Metcalf, meanwhile, caught 7 of 9 passes for 160 yards and a 53-yard touchdown in the Seahawks’ 17-9 victory.
“J.J.’s a talented kid,” Roseman said in his first interview since before the season. “He’s got tools in his body. … That doesn’t mean that he doesn’t have to take a jump, because he does. This offseason’s really important for him. I don’t think we saw the best of J.J.”
Arcega-Whiteside’s slow development certainly hindered the Eagles, but nowhere near as much as the starting receivers did, with their injuries and assorted struggles. The combined statistics for Jackson, Jeffery, and Agholor (91 catches for 1,012 yards and 9 touchdowns in 24 games) were the lowest for the top three receivers in franchise history since 1990 (receptions) and 1976 (yards).
Roseman, as expected, said that final decisions have yet to be made on personnel. But he acknowledged that the Eagles didn’t get enough out of their receivers this season.
“When we look at who we started the season with and our starting three receivers, obviously they weren’t out there in the playoffs,” Roseman said. “So we got to look at that.”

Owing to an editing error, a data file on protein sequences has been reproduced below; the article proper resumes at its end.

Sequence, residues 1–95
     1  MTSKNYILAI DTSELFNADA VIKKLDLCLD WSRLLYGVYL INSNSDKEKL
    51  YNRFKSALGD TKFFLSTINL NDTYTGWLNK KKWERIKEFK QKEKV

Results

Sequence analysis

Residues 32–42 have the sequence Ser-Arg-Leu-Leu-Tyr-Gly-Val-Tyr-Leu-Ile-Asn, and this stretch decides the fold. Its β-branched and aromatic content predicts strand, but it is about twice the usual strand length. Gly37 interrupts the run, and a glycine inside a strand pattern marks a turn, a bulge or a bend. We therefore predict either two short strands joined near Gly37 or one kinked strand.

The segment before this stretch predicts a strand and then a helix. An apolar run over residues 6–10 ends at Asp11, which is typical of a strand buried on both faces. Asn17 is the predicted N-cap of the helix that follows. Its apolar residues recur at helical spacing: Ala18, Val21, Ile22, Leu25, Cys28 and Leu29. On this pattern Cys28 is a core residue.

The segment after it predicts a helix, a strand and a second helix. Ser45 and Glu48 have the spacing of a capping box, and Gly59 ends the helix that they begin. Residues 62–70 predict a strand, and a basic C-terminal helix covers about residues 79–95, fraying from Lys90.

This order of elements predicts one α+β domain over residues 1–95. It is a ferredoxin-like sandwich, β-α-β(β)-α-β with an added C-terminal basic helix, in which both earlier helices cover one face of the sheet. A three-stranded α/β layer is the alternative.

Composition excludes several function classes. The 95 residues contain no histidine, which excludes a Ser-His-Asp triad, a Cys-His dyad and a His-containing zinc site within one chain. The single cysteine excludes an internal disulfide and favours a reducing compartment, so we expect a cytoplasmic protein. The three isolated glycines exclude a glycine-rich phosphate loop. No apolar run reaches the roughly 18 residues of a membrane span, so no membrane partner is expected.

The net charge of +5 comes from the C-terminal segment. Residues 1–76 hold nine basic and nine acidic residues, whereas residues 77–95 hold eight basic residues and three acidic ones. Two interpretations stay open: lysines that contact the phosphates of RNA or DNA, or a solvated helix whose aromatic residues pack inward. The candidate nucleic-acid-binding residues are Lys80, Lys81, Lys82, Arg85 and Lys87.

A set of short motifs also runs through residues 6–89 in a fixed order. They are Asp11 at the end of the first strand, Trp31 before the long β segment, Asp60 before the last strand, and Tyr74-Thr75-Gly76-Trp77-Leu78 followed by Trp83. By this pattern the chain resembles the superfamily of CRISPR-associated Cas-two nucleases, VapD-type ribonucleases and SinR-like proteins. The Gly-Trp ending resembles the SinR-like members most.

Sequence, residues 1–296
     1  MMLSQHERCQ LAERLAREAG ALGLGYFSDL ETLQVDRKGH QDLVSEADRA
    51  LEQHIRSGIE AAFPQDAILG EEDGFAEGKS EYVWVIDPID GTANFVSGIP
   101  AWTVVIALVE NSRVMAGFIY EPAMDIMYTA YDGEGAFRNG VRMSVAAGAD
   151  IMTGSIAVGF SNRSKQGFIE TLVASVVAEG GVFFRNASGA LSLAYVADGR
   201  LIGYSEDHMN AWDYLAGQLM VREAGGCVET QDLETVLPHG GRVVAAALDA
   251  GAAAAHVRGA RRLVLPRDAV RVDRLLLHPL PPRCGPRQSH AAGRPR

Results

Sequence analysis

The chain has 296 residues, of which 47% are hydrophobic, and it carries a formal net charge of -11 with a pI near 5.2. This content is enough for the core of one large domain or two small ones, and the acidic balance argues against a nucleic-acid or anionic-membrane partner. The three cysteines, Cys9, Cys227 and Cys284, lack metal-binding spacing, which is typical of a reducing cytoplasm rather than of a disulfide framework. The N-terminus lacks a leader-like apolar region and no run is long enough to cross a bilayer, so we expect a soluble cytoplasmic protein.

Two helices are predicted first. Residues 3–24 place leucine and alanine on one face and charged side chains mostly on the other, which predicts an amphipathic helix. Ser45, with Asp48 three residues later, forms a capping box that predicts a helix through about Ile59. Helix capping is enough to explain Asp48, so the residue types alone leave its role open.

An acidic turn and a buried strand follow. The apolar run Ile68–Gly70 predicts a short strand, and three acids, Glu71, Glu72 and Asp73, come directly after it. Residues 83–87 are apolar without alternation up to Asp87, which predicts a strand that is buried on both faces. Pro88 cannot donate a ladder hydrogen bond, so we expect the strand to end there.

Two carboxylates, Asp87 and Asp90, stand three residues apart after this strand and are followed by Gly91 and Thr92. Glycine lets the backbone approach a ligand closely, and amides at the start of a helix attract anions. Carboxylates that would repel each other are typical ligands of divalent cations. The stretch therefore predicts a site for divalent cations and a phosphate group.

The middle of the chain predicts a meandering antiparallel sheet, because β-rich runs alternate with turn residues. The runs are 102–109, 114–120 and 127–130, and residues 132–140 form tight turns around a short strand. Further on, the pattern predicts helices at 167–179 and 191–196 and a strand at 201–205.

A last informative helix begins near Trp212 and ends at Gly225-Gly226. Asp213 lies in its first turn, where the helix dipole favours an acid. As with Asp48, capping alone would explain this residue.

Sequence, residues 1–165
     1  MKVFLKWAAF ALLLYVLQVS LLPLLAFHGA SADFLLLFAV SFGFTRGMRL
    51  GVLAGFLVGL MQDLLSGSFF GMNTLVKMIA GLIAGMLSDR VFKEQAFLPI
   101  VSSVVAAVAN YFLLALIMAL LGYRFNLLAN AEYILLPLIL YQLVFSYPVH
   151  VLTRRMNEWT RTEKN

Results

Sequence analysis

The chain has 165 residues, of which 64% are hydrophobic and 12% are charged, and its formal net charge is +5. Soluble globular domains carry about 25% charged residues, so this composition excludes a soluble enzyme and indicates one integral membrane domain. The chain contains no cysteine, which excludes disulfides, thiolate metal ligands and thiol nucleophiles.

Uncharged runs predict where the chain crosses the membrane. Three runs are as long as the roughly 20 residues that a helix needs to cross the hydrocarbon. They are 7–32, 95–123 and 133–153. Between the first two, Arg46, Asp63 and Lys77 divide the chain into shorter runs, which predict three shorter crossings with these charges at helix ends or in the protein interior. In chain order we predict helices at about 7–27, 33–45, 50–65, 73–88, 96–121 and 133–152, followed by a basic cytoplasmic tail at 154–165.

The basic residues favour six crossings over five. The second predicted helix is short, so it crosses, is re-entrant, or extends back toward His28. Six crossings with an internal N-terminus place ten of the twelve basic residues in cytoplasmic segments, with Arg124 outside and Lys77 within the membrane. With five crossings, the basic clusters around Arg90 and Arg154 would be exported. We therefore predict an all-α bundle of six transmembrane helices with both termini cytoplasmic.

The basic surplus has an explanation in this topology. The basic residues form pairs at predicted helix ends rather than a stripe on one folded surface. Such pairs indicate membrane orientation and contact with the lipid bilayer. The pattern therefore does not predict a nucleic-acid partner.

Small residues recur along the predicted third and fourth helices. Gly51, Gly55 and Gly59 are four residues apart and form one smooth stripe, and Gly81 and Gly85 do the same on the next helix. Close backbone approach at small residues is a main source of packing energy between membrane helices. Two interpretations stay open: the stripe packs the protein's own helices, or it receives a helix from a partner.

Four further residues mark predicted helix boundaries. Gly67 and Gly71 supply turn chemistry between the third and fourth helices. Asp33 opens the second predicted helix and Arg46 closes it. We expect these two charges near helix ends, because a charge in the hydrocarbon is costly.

Agholor, a free agent in March, is unlikely to return. Jeffery has two years left on his contract and has $11.5 million guaranteed for 2020. The Eagles guaranteed the 29-year-old receiver’s $9.91 million base salary just before the season.
“He took a pay cut in exchange for guaranteeing,” Roseman said. “For us, we were trying to create as much flexibility going forward with our roster, to create cap space to improve the football team.”
Roseman was likely anticipating adding a big name before the trade deadline — and alluded to being in negotiations for Rams cornerback Jalen Ramsey and Steelers safety Minkah Fitzpatrick — but the Eagles never utilized that space.
If the Eagles were to want to move on from Jeffery this offseason, they would have to eat approximately $26 million with a release. There is offset language in his contract that would allow the Eagles to recoup some money lost, however, if he were to sign with another team. A trade would save them $10 million and is more probable.
“I think we forget some of the contributions to our team Alshon has had,” Roseman said. “During our Super Bowl year the injury he played with, not missing a game, and the contributions in that Super Bowl game. Last year, he had 11 catches during the playoffs. Even when you look at this year, in his last [full] game, he had  catches for over 130 yards in the Miami game.